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Shock, outrage as Saudi Arabia sentences Palestinian poet to death

Ashraf Fayadh, right, with art historian Chris Dercon, outgoing director of Tate Modern, attend the opening of an exhibition in Jeddah curated by Ashraf Fayadh
Ashraf Fayadh, right, with art historian Chris Dercon, outgoing director of Tate Modern, attend the opening of an exhibition in Jeddah curated by Ashraf Fayadh

Ashraff Ayadh/Instagram

This statement was originally published on pen-international.org on 20 November 2015.

PEN International, English PEN and PEN American Center strongly condemn the Saudi Arabian authorities' decision to sentence Palestinian poet Ashraf Fayadh to death for apostasy, and call for his immediate release.

PEN is appalled at the news that Ashraf Fayadh, a poet and member of British-Saudi art organisation Edge of Arabia, has been sentenced to death. According to reports, Fayadh, originally sentenced to four years in prison and 800 lashes in May 2014, is now due to be executed following a retrial.

Fayadh was first detained in August 2013 in relation to his collection of poems, Instructions Within. He was released on bail but rearrested in January 2014, accused of 'atheism and spreading some destructive thoughts into society', before being sentenced in May 2014. The dismissal of his appeal led to the retrial which concluded earlier this week. Fayadh is reported to be 'really shocked' by the sentence, stating 'I didn't do anything that deserves death'.

Jo Glanville, Director of English PEN, said:

"We are shocked by the news that a Saudi court has ordered the execution of poet Ashraf Fayadh. This is yet another example of the Kingdom's complete lack of respect for freedom of expression and its persecution of free thinkers. We call on the Saudi authorities to release him immediately and unconditionally, and urge our own government to speak out on his behalf as a matter of urgency."

Salil Tripathi, Chair of PEN International's Writers in Prison Committee, said:

'The decision to sentence Ashraf Fayadh to death is outrageous not only because it is vastly disproportionate to anything he may have done, not only because the death penalty is wrong in every instance, and not only because he has said in mitigation that he has done nothing that deserves death, but also because it is not a crime to hold an idea, however unpopular, nor is it a crime to express opinion peacefully. Saudi Arabia must unconditionally release Fayadh, as well as Raif Badawi and Waleed Abulkhair.'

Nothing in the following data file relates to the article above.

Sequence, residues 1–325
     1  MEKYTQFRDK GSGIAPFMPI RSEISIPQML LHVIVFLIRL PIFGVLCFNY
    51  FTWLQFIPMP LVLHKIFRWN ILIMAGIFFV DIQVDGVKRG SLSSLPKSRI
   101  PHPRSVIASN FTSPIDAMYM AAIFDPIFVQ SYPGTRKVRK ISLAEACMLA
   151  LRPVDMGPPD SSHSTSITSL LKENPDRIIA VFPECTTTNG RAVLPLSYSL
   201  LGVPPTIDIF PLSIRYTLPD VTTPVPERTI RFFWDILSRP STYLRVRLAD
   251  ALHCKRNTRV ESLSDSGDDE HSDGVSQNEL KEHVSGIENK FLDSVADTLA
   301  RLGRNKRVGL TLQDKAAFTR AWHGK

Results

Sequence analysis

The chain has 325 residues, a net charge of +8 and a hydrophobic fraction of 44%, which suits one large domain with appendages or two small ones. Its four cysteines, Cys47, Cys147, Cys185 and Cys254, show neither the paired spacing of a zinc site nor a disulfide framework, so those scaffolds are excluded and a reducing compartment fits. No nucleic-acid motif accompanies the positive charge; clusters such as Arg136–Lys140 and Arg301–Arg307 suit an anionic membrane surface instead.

Karin Deutsch Karlekar, Director of Free Expression programs, PEN American Center, said:

'We are outraged that Fayadh's retrial—which should have led to the absurd charges against him being dropped entirely—has instead resulted in a death sentence. We call on the Saudi authorities to cease handing down such draconian sentences for the supposed 'crime' of free expression, and to release those already convicted on similar grounds.'

PEN urges the Saudi authorities to desist from punishing individuals for the peaceful exercise of their right to freedom of expression. Other cases of particular concern to PEN include the liberal blogger Raif Badawi, winner of the 2015 PEN Pinter Prize for an International Writer of Courage, and his lawyer and brother-in-law Waleed Abulkhair. Badawi has been sentenced to ten years in prison and 1000 lashes, while Abulkhair is serving a 15-year prison sentence. English PEN continues to hold regular vigils for Badawi and Abulkhair outside the Saudi Embassy in London; we are also asking members of the public to pledge to protest in the event that Badawi is flogged again.

We are also calling on the British government to put pressure on the Saudi authorities to release Fayadh, Badawi, Abulkhair and others detained in violation of their right to freedom of expression. Just last month, David Cameron claimed he 'completely disagreed with [the Saudi authorities] about their punishment routines, about the death penalty, about all those issues'. We therefore urge the Prime Minister and the Foreign Secretary Philip Hammond to raise Fayadh's case at the earliest opportunity with the Saudi authorities and to call for his immediate release, as they successfully did in the case of Brit Karl Andree last month.

To read extracts of Ashraf Fayadh's poems used in evidence against him, click here.

ADDITIONAL INFORMATION
What other IFEX members are saying
  • Saudi Arabia: Poet Sentenced to Death for Apostasy

    “Regardless of what Fayadh said or didn’t say, Saudi Arabia should stop arresting people for their personal beliefs,” said Sarah Leah Whitson, Middle East director. “The fact that Ashraf Fayadh is facing the prospect of being beheaded only adds to the outrageousness of this court ruling.”

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